The UK 5p plastic bag charge is doing wonders for European waters
A 5p charge on plastic bags at supermarkets may seem like a shameless cash grab, but the intention was always to put you off taking one, rather than to raise tax revenue. And a new study published in Science of the Total Environment shows that it’s doing wonders as a disincentive, with researchers reporting a 30% drop in plastic bags on the seabed.
With shared waters and countries introducing the levy at different times (Ireland and Denmark were ahead of the game in 2003, the UK behind the times in 2015), this was always going to be a tricky one to measure. By examining a large area of seabed covering most of the UK, and stretching all the way to Norway and Ireland from the last 25 years, the researchers hoped to see the real impact of policy change in action. And they did.
“The fewer bags we use, the fewer we can lose, the fewer we can put into the environment,” Thomas Maes, the paper’s lead author, told The Guardian. “If we all work together towards a better environment, we can make changes. A lot of people live in doom, but … don’t give up yet.”
In the UK, the number of plastic bags collected from shops has certainly dropped since the levy was introduced in 2015. Before the 5p charge, each of us was taking an average of 140 bags per year – now it’s down to 25. At the moment, the charge is only required of major retailers, but the government is now considering rolling it out to more retailers.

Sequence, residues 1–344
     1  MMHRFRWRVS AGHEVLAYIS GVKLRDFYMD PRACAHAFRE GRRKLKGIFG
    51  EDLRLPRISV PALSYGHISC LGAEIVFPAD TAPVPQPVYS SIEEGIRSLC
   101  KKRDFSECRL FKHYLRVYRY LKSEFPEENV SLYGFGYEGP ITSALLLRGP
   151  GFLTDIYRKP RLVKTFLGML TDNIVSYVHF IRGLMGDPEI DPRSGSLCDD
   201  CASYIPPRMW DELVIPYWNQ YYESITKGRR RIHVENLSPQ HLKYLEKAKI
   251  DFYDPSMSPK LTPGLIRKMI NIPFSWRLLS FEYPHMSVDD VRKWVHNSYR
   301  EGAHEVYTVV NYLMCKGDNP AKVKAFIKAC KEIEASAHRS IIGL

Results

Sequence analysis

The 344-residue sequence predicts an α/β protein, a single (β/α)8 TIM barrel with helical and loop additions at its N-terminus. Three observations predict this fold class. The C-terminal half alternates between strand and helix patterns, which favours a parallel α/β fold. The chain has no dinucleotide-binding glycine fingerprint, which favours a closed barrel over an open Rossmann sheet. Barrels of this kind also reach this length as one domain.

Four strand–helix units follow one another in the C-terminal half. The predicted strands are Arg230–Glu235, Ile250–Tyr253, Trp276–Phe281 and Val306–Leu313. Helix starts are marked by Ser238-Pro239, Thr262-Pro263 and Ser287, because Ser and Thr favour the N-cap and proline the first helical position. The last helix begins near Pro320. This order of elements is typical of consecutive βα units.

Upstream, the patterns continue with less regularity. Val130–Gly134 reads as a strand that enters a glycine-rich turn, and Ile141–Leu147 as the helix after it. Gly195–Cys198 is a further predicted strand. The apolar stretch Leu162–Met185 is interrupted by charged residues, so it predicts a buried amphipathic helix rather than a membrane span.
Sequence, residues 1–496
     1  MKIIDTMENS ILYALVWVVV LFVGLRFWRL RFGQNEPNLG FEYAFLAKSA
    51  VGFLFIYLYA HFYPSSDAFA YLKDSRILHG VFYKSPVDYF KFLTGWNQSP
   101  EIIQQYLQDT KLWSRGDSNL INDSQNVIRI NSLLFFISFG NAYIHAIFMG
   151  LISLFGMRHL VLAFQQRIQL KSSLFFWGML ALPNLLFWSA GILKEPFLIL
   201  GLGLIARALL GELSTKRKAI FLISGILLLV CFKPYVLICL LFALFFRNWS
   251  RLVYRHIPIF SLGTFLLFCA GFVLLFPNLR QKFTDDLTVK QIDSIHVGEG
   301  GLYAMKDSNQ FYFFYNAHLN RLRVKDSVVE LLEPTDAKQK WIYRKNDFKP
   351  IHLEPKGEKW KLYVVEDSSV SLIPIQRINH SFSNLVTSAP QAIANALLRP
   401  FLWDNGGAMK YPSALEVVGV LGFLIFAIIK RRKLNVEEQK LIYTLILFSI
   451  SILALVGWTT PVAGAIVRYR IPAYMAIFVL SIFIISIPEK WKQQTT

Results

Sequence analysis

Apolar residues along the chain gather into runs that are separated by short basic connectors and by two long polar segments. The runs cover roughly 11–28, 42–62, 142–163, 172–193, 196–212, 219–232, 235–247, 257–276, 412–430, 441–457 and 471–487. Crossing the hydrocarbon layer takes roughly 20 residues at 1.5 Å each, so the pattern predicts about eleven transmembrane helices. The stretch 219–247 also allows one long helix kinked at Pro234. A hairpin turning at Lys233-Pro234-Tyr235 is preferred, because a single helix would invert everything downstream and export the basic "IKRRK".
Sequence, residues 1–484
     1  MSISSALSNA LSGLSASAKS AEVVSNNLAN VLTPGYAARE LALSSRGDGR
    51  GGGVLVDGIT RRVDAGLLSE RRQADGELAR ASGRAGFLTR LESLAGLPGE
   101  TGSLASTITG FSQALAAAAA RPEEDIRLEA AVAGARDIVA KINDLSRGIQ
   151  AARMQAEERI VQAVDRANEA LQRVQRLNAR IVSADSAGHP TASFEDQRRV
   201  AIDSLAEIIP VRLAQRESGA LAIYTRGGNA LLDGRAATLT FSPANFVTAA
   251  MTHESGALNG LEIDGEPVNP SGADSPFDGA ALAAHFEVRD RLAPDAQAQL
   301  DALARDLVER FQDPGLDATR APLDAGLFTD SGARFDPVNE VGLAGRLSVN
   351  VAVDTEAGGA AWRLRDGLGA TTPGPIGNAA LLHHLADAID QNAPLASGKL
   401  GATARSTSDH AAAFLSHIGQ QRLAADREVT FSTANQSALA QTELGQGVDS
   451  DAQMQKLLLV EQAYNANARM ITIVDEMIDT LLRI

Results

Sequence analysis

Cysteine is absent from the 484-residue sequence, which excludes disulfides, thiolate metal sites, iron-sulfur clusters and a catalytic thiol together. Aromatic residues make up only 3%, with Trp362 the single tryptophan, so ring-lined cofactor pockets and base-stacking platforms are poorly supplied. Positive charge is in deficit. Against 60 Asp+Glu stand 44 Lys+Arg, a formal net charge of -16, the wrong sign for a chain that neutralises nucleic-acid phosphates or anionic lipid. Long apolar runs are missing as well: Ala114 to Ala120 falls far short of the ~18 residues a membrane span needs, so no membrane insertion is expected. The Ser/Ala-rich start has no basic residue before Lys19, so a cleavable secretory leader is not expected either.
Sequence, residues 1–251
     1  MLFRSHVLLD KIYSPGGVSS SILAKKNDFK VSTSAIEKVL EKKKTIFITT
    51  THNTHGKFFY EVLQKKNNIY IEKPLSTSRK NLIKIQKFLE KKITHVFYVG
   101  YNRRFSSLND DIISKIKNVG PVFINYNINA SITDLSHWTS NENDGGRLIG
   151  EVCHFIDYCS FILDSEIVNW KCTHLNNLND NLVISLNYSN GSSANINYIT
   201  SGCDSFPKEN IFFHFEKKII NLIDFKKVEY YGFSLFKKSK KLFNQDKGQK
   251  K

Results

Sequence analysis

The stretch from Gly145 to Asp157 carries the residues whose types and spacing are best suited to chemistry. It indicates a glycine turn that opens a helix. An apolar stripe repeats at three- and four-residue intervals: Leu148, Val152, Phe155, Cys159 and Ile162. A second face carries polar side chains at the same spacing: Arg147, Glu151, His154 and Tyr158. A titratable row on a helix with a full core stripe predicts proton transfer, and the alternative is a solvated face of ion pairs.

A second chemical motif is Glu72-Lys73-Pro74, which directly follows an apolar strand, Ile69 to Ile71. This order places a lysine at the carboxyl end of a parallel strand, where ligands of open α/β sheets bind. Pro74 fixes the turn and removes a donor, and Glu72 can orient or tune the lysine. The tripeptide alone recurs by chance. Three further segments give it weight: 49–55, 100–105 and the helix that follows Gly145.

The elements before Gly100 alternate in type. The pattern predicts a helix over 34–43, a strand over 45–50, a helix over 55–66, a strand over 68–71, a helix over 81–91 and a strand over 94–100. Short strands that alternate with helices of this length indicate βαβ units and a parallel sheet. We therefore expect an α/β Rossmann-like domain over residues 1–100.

Still, if writing regularly on the planet’s health for Alphr has taught me anything, it’s that there’s basically no such thing as universally good environmental news, and there’s a sting in the tail here too. Although plastic bags are dropping, there’s an increase in other seabed debris: mainly fishing equipment. “The following subcategories were rising: fishing line, cable tie, straps and crates,” the paper reads, adding that “extensive seafarer training and specific industry actions might be useful to target some of these sea-based items.”
Overall, however, it’s good news and proof that simple policy-based behavioural nudges can make a huge difference to our sociological behaviour. This paper will not only help push the case for incentivising the reuse of bottles, but possibly in a whole range of other policy problem areas, from smoking to obesity. Given the extent of our e-waste problem, urban mining might be another key area to consider incentivising.